This Growing Together feature first appeared in the November/December issue of Northern Gardener.
The Merriam Station Community Garden in St. Paul, this year’s winner of MSHS’ St. Paul Garden Club Award, has a surprising history. The now flourishing spot was first a railroad depot, then houses, and then a dingy, illegal dumpsite until 2012—that’s when gardeners stepped in.
“Although the soil tests showed it was safe to grow food, it has taken time to get the soil to a good place,” says Merriam Station communications coordinator Megan Curran de Nieto. Amazingly, it took only five years to change the derelict strip of land into a chemical free, treasured community green space with almost 100 garden plots, including a giving garden, berry patches, pollinator gardens, multiple compost areas and a custom-designed shed. “We just joined Minnesota Green and love it,” says Megan. “MSHS’s program has completely changed the landscape of the open spaces in our garden.”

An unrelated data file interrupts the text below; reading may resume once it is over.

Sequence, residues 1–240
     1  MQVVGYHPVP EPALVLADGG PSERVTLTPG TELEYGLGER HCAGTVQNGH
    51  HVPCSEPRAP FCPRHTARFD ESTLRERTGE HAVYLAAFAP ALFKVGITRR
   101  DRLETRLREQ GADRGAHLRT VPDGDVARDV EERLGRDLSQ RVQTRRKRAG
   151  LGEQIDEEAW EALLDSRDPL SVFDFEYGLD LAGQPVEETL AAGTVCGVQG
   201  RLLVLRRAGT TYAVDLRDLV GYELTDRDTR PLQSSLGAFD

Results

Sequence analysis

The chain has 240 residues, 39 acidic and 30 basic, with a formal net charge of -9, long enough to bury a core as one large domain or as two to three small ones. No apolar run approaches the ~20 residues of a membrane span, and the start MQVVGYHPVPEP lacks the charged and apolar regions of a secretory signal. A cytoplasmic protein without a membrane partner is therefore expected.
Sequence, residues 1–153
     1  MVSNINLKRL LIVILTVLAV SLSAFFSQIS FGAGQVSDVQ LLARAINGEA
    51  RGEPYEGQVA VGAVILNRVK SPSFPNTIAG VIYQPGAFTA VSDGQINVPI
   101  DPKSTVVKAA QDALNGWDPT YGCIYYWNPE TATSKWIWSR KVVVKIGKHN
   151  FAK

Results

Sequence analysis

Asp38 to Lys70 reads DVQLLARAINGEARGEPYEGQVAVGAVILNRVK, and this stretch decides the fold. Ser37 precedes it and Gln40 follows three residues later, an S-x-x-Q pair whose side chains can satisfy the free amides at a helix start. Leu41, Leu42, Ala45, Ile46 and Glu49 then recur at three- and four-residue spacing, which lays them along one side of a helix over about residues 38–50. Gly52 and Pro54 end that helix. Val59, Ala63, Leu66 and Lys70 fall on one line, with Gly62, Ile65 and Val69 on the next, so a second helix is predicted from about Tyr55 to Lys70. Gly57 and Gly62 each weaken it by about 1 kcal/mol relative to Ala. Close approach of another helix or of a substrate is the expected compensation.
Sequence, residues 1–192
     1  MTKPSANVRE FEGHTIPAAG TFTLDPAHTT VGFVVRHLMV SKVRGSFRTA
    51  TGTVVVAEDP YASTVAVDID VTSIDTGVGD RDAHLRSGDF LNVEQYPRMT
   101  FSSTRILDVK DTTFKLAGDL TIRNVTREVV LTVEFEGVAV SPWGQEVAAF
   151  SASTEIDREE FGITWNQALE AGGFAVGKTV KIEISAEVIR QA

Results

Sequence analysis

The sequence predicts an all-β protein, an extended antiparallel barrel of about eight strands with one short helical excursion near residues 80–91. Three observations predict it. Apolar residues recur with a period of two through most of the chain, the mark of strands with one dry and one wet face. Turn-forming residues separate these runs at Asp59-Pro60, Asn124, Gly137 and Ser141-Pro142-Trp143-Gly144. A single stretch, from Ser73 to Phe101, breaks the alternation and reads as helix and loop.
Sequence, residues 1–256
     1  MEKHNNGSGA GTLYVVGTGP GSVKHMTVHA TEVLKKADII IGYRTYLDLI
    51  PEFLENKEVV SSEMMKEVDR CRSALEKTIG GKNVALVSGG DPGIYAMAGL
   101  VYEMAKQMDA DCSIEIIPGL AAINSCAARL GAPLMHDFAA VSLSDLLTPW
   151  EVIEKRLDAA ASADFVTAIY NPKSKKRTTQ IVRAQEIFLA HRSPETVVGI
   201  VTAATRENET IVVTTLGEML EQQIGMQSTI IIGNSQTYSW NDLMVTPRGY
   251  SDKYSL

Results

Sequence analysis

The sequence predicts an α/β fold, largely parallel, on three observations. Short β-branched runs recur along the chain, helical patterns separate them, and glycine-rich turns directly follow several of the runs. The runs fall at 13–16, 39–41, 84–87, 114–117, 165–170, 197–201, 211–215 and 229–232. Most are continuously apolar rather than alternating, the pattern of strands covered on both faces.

With about 170 gardeners who represent a range of age, ethnic and economic diversity, Merriam Station provides an inclusive experience for gardeners. Each year, they’ve added more garden plots to rent, but they still have a waiting list.
Potlucks, neighborhood parties, classes on gardening and musical performances provide fun activities that everyone in the neighborhood can enjoy. On Community Garden Day, visitors taste garden produce, kids paint pots and plant seeds, and gardeners who are also artists display their work, making the celebration engaging on many different levels.
“The garden has allowed us to explore how we can improve our own community—how we can address concerns about food access and land preservation,” says Megan. “Plus, we’re just having so much fun with our land—it’s been a positive experience for all.”